Effectiveness of Intelligence-Led Policing in Prevention of Crime by the Directorate of Criminal Investigation in Mombasa County, Kenya
Kissorio, Tito Kiptoo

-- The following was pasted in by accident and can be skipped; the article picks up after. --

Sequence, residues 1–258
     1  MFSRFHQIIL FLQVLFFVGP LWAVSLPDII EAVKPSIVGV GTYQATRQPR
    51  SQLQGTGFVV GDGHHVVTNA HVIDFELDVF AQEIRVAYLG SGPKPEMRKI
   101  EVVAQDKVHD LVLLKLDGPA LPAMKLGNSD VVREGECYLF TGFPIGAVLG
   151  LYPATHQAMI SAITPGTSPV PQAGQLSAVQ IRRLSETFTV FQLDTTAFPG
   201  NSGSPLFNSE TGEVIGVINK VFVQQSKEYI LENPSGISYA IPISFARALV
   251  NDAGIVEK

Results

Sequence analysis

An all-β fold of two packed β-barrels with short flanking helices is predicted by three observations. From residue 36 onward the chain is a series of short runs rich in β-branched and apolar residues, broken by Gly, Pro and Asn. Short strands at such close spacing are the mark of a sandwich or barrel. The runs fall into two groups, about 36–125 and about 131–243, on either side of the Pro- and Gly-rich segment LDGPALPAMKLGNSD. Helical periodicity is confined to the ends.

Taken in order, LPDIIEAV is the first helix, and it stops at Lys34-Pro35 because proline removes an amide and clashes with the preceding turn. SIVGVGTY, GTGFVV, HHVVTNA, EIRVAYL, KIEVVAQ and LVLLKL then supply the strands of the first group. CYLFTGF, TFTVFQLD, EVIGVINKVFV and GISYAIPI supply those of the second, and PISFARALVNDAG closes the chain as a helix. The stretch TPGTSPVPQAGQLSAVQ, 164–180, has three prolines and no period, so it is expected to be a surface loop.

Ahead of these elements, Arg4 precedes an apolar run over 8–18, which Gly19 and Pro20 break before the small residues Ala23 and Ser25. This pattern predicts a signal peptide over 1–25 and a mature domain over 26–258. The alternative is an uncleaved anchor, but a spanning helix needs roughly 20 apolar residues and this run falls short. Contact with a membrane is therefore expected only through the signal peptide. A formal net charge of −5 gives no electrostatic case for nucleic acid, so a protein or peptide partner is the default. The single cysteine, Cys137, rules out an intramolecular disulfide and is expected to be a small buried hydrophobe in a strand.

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Intelligence-led Policing (ILP) is a framework for conducting policing activities with an aim to bring out more effective, efficient, timely and well-coordinated crime investigation and crime intelligence analysis. Currently, Kenya is experiencing an enormous challenge in criminal investigation matters posing new challenges which need to be addressed if criminal incidences in the country are to be curbed. The study aimed at assessing the effectiveness of Intelligence-led policing in criminal investigations at the Directorate of Criminal Investigations with a focus on Mombasa County. The specific objectives of the study were to: (i) Determine the application of human resource aspects in prevention of crime, (ii) Establish the use of information and knowledge in prevention of crime; (iii) Determine the utilization of intelligence-based strategies in prevention of crime, and (iv) Estimate the use of information systems in prevention of crime. The study was guided by the Open Systems and the Structural Contingency theories and utilized the cross-sectional research design. The study used the census method to reach all the 46 detectives in four stations of Changamwe, Kisauni, Bamburi and Central stations. Questionnaire was the primary data collection instrument and data collected was analysed and presented by the use of descriptive measures, tables and graphs. A Spearman rank correlation was run to establish the relationship between Intelligence Led Policing aspects and crime prevention. Based on this finding, the study concluded that intelligence-led policing strategies used by the Directorate are related to crime prevention. The Spearman correlation results indicated that all the four ILP variables had a positive correlation on crime prevention at α = .001, (rs = .410, P = .005), (rs = .225, P = .133), (rs = .558, P = .001) and (rs = .415, p = .004) for human resource aspects, knowledge and information, intelligence strategies and information systems respectively. The findings show that the success of the intelligence-led policing is hinged on comprehensive crime intelligence which enables the Directorate to get a better understanding of the criminal environment. The study recommends the need for the Directorate to improve its human resource aspects through employing more detectives to boost the operations of crime prevention. In addition, the government should allocate more resources to train law enforcers to enhance their application on surveillance and intelligence collection which are important aspects of proactive prevention of crime. The study recommends the Directorate improves the current information systems and databases by developing forensics and its associated information systems which is still lacking as this will aid the identification and screening of the criminals. The study therefore recommends that more resources be channelled to enhancing electronic and Human Intelligence (HUMINT) sources which make it possible to access actionable signal intelligence from criminal networks which is then corroborated with electronic intelligence in prevention of crime.